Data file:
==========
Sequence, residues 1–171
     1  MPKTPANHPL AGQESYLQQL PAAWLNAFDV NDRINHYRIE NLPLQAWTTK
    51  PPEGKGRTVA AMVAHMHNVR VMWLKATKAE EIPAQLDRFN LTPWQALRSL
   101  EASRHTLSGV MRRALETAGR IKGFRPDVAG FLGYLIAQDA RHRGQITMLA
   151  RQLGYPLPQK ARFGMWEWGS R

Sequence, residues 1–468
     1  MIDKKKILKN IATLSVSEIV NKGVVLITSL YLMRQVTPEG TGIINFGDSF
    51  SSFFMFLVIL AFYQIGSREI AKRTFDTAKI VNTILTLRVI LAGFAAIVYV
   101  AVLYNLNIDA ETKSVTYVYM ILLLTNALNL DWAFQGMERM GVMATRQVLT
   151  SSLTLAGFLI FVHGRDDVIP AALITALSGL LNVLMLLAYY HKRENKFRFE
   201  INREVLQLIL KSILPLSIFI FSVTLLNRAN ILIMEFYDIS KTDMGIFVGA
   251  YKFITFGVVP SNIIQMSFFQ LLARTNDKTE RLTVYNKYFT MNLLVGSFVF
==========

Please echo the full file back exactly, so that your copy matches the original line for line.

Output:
Sequence, residues 1–171
     1  MPKTPANHPL AGQESYLQQL PAAWLNAFDV NDRINHYRIE NLPLQAWTTK
    51  PPEGKGRTVA AMVAHMHNVR VMWLKATKAE EIPAQLDRFN LTPWQALRSL
   101  EASRHTLSGV MRRALETAGR IKGFRPDVAG FLGYLIAQDA RHRGQITMLA
   151  RQLGYPLPQK ARFGMWEWGS R

Sequence, residues 1–468
     1  MIDKKKILKN IATLSVSEIV NKGVVLITSL YLMRQVTPEG TGIINFGDSF
    51  SSFFMFLVIL AFYQIGSREI AKRTFDTAKI VNTILTLRVI LAGFAAIVYV
   101  AVLYNLNIDA ETKSVTYVYM ILLLTNALNL DWAFQGMERM GVMATRQVLT
   151  SSLTLAGFLI FVHGRDDVIP AALITALSGL LNVLMLLAYY HKRENKFRFE
   201  INREVLQLIL KSILPLSIFI FSVTLLNRAN ILIMEFYDIS KTDMGIFVGA
   251  YKFITFGVVP SNIIQMSFFQ LLARTNDKTE RLTVYNKYFT MNLLVGSFVF